Obama to dine with GOP senators again

Will civility end Senate gridlock? Ha ha, no

Published March 27, 2013 9:23PM (EDT)

    (AP/Carolyn Kaster)
(AP/Carolyn Kaster)

Barack Obama is going to have dinner with Republicans again. The president asked Georgia Republican Johnny Isakson to put the whole thing together, and no one yet knows where it will be or who will go, but it will definitely Increase Civility.

A few weeks ago, Obama had dinner with 12 Republican senators and the group "talked about the debt, deficits and taxes." That dinner having apparently done nothing to change the fact that on matters related to debt, deficits and taxes Republicans and Democrats don't merely have different preferred solutions but in fact wildly different interpretations of what the problems are, they will try again. Or maybe it will be a different group of 12 Republican senators this time, who knows.

I imagine Obama will once again push for a Deficit Deal, involving "a mixture of revenue and spending cuts," no matter how little we need such a thing at the moment, and he will also probably bring up immigration and gun control, though Republicans don't need much more nudging on immigration and gun control will never interest them.

I sorta feel like he should probably bring up Caitlin Halligan and Richard Cordray and the current Senate Republican abuse of Senate procedure to essentially force nullification of laws they don't care for.

Here's something the guy Obama called to organize this dinner party said immediately after Harry Reid negotiated a filibuster "compromise" that did nothing to curb the relentless use of the filibuster:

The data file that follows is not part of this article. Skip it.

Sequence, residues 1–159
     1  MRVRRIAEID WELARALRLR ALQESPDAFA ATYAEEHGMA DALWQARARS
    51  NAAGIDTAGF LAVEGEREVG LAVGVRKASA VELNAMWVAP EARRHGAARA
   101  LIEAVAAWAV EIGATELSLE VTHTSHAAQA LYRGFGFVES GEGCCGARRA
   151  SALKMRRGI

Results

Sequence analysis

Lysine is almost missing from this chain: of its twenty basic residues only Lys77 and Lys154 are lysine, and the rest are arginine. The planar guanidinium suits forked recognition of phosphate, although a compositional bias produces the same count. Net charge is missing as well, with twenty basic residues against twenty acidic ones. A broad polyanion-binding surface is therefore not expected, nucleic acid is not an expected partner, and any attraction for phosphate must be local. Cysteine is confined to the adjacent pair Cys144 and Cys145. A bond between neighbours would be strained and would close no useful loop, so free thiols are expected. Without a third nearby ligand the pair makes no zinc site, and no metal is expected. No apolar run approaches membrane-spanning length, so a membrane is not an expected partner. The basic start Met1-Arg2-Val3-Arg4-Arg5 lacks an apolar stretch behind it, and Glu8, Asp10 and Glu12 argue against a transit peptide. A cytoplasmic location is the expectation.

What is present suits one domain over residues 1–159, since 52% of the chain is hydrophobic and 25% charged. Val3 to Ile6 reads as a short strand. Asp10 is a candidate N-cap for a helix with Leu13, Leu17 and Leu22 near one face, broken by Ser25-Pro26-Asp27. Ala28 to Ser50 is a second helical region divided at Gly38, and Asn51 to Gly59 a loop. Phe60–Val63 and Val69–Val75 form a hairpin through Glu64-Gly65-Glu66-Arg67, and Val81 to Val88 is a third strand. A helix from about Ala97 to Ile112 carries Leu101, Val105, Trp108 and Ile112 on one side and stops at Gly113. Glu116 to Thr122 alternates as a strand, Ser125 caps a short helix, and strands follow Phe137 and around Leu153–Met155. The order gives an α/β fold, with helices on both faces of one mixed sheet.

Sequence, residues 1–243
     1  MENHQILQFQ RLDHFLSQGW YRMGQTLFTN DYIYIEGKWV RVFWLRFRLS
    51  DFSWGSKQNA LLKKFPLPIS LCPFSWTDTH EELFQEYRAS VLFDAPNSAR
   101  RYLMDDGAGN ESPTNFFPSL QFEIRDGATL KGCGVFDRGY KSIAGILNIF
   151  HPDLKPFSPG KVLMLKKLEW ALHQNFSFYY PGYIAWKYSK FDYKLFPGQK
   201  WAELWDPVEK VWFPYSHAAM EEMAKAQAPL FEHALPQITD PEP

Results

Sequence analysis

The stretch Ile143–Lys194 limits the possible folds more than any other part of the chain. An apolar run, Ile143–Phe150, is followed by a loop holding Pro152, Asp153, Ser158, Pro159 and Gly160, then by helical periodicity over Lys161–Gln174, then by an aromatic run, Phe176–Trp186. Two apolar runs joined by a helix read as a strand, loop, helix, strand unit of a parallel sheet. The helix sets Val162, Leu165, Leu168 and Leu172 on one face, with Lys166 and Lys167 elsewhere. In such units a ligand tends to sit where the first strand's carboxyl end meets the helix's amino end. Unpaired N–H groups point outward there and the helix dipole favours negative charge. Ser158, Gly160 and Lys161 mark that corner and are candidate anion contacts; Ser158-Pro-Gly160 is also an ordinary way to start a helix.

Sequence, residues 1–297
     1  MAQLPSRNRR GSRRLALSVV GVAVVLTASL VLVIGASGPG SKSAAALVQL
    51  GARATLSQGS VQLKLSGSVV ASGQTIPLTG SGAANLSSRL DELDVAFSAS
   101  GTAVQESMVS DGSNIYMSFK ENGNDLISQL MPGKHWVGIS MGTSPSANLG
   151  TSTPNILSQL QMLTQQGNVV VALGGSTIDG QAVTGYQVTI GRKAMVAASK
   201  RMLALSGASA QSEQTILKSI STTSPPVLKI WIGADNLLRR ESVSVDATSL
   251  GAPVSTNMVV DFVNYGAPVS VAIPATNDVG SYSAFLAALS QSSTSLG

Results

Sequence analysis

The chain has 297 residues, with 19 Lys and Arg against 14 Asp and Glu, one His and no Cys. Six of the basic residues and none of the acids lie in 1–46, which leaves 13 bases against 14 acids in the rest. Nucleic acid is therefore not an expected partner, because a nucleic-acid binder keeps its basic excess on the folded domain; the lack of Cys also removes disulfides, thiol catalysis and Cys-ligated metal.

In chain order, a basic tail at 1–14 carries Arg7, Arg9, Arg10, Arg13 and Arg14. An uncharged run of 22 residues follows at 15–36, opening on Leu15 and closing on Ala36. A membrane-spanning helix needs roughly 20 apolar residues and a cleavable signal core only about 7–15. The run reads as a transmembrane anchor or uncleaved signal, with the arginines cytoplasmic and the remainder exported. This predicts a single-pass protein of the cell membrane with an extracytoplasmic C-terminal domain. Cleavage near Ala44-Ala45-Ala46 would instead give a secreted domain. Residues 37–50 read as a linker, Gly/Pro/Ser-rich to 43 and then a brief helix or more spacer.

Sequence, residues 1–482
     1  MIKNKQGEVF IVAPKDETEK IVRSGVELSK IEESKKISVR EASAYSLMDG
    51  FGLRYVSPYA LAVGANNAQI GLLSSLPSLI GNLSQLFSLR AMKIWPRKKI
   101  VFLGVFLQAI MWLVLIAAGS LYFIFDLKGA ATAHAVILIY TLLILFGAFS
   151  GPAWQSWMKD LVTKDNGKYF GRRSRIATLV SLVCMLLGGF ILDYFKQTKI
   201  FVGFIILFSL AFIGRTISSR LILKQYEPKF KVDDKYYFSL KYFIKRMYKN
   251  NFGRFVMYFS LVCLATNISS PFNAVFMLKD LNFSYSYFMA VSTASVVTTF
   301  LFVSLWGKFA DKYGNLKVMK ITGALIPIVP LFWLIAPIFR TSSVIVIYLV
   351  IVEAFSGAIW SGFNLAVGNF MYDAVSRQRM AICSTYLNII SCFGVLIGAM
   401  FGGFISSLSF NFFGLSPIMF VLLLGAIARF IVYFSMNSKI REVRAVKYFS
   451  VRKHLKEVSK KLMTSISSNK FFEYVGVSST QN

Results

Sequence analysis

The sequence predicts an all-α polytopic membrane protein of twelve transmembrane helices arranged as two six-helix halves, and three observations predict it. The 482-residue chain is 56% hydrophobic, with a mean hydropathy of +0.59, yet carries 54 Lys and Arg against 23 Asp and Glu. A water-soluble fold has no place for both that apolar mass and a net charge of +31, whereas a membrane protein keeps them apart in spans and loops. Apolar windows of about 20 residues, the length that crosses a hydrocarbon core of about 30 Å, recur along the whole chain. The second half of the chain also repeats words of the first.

"The rules change doesn't really do a lot," Sen. Johnny Isakson (R-GA) told TPM, saying he’d vote for it. “It certainly preserves the 60-vote threshold, preserves the blue slip procedure. It preserves the filibuster. And that’s important heritage for the Senate.”

Maybe Obama could use this dinner to explain to Sen. Isakson that "the 60-vote threshold" (a tradition dating all the way back to the 1970s) isn't supposed to be the norm in the Senate, and in fact it wasn't until very, very recently, starting when Bush wanted to appoint some bad judges but really establishing itself when Obama wanted to do literally anything at all. I mean, explaining that won't be of any use but then perhaps after the dinner the president could schedule another dinner with Harry Reid, during which he could ask the majority leader to actually for real do something about the filibuster.

The most obvious flaw with the "charm offensive" strategy is that it does nothing to change the motivating factors that lead senators to act the way they do. It may even make things worse, as there is a distinct possibility that the president's usually justified contempt for all members of Congress will only be more obvious in an intimate, personal setting than it is on television or expressed in print via statements from those close to him or pretending to be close to him.

By Alex Pareene

Alex Pareene writes about politics for Salon and is the author of "The Rude Guide to Mitt." Email him at apareene@salon.com and follow him on Twitter @pareene

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Barack Obama Civility Filibuster Politics U.s. Senate